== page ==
Acupressure – Daily Self-Massage

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It was probably at least 15 years ago I walked into an oriental type outfitted booth at a large flea market that I found a very interesting green colored book by a Dr. Kuan Hin called Chinese Massage and Acupressure. It intrigued me right away and I picked it up. Being a martial artist and interested in health, massage, acupuncture and the like I started reading the first few pages.

The book delves in to the basics of Chinese Medicine, massage and acupressure, which is also called Inhoa. Inhoa means Silver Flower, and specifically is the name given by Dr. Hins’ ancestors to the method of preventing or healing that has been handed down from generation to generation.  What really got me interested is that this field is ideal for an introduction to self-treatment with regards to both preserving and restoring one’s health. I am a firm believer that we should take responsibility for all aspects of our lives and that especially includes our health.

In this respect I read that it required only rudimentary knowledge and no kind of equipment and is entirely safe… sounded good to me! The basis for using this healing art is the regulation of the energy flows that occur throughout the body.  Energy is life’s fuel and it nourishes us. So when damage is done, this can impede the flow leading to an energy imbalance which can set off disorders and ultimately cause disease.

Prevention, I found out is the very core of Chinese medicine. It is also effective in treating acute or chronic conditions as well. There is not enough room to go into much more detail here (and honestly I would be doing it a disservice if I did), but I started using the Inhoa acupressure massage techniques, or The eight wonders of Chinese massage as put forth in the book that first day I brought it home.

Inhoa book

What really intrigued me the most as I flipped through it, was that it gave a great introduction and background into this amazing healing art, how and why it works in theory, and was full of practical pictures and applications which I could use right away… and yet it was concise and not overwhelming. This was especially true of the primary acupunture points or the 12 points of Master Ma that are covered and the corresponding meridians and effects.

I to this day practice the self-massage (or dry baths as they are also called) every morning upon waking after I do my warm up exercises and stretches and also do a shorter session before I go to bed. The interesting thing I find is that it helps to wake my body up so to speak in the morning and at night it relaxes me and helps me fall to sleep. If I don’t do them which happens on occasion unfortunately, I actually feel the difference and not quite right.  It has become an enjoyable ritual for me.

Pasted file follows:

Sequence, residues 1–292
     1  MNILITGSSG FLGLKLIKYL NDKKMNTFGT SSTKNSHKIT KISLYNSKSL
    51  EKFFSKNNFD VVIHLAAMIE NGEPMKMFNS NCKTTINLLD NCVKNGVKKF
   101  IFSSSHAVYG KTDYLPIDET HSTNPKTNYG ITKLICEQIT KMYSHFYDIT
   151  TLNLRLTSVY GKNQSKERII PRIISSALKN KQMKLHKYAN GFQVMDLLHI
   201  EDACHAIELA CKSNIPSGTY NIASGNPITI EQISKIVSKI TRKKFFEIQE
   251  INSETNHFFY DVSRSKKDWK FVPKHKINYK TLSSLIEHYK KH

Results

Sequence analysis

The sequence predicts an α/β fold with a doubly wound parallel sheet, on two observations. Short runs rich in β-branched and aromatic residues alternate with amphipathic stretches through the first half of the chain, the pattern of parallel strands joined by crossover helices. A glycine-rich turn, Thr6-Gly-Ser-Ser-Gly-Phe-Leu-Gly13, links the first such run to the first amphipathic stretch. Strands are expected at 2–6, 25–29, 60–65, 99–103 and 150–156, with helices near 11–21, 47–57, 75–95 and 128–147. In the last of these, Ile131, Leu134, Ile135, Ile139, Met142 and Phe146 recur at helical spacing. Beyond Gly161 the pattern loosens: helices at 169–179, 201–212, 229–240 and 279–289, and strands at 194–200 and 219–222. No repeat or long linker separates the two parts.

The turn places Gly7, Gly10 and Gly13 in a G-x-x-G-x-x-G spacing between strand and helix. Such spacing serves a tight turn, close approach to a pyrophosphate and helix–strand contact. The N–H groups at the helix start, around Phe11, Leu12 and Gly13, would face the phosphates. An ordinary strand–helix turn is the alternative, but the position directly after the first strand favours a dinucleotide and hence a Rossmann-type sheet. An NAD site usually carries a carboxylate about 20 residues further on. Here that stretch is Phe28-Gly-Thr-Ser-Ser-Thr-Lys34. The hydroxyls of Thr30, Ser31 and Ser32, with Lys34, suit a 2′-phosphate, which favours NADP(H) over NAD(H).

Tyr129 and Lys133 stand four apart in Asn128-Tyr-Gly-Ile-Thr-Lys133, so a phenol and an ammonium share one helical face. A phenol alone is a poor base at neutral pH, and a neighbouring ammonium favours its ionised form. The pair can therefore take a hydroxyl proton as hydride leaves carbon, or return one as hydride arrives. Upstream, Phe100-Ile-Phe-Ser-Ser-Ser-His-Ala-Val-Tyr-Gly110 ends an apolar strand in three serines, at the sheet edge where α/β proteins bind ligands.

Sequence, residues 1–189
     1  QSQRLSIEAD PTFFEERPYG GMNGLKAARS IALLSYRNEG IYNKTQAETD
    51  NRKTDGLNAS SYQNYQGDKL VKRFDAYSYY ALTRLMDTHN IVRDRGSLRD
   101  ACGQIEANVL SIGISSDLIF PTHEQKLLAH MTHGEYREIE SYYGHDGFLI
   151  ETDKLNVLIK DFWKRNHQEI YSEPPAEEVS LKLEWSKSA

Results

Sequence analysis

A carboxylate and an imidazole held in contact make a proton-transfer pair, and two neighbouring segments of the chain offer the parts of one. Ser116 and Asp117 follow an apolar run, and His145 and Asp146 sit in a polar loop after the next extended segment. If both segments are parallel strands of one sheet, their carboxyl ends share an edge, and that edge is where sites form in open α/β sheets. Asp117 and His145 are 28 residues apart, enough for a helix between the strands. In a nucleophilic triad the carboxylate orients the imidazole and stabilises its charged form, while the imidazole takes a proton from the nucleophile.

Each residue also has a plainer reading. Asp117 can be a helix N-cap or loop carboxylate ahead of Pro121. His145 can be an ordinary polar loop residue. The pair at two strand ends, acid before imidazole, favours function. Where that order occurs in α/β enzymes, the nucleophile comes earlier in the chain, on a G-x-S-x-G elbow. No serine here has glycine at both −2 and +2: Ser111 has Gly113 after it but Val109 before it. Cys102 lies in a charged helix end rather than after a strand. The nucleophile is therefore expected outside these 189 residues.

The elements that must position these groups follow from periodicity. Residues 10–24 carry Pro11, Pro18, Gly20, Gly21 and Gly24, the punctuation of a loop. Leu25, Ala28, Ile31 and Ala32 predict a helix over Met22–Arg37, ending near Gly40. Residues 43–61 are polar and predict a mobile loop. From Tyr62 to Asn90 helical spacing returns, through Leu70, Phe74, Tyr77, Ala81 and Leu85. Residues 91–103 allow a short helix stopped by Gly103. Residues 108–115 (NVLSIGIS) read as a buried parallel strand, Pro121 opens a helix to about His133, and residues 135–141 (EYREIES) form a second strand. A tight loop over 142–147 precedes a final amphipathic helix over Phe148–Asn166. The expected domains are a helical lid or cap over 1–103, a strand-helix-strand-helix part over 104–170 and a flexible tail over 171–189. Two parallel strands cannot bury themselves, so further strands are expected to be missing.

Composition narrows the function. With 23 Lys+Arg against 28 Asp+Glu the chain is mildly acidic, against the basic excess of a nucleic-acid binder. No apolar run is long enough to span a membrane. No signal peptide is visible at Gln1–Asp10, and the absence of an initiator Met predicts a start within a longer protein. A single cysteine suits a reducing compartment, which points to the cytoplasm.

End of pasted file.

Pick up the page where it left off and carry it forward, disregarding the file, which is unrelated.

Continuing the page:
These dry baths help boost the immune system because they stimulate the circulation of the blood and ensure proper irrigation of the organs.  I’ll massage various different acupoints through out the day as needed. I especially like to administer acupressure on myself to help relieve stress and generally to promote a sense of well-being.

This is done usually by pressing in and massaging with my fingers steadily in clock-wise and counter-clockwise motions. Acupressure is in a sense, acupunture with out the needles. It is not as precise and effective but a great tool nonetheless and can still have far reaching effects. I can actually feel the energetic difference in each specific area I press and with time you become better and more sensitive to it.

I will include here one of my favorite massages mentioned in the book – The Massage of the Gushing Spring or Yongquan. It is the name given to the first acupoint on the kidney-meridian running from the sole of the foot along the inner side of the leg over the belly to end under the shoulder blade. This point has many uses both preventative and therapeutic that extend far beyond the local area. It prevents nephitis and strengthens the liver and eyes. It relieves abdominal pains, combats coughing, hoarseness and sore throat and has a sedative effect in case of palpitations or distress.

For our massage purposes, we use the gushing spring to activate the circulation of the blood and prevent vascular disorders including cramps in the calves.  It is especially good to promote circulation for cold feet. After I massage this point I feel a release throughout my foot and a general sense of well-being. I highly recommend also massaging the entire bottom of the foot using an upward pressing motion up from the heel to the balls of the foot to enhance the massage. Here is the illustration from the book:

gushing spring2


We will touch more upon other acupressure and massage techniques in the future.  I encourage you to look further into using self-massage techniques and acupressure if you haven’t already done so.  Maybe you can add another healthy ritual in to your day like I did… it is truly a  great way to enhance your health and become more in tune with your body.